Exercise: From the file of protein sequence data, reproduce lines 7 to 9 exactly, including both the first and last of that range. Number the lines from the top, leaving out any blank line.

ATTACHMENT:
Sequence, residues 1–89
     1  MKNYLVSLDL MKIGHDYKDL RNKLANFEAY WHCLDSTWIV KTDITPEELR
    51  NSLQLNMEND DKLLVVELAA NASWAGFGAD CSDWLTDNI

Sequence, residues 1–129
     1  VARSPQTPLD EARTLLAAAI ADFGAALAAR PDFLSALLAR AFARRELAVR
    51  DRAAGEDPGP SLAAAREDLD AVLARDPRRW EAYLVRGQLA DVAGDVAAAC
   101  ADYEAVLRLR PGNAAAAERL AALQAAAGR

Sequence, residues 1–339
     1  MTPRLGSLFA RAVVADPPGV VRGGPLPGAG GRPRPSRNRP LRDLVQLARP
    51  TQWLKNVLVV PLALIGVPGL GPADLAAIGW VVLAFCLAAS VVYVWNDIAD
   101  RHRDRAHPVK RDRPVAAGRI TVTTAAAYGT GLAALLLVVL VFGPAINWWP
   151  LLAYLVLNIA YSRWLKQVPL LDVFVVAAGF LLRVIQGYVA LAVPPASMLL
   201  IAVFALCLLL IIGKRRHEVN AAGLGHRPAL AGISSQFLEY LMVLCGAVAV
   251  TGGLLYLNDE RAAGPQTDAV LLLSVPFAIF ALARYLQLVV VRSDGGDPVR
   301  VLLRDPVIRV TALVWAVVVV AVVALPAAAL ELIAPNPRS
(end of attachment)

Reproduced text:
   101  ADYEAVLRLR PGNAAAAERL AALQAAAGR

Sequence, residues 1–339
     1  MTPRLGSLFA RAVVADPPGV VRGGPLPGAG GRPRPSRNRP LRDLVQLARP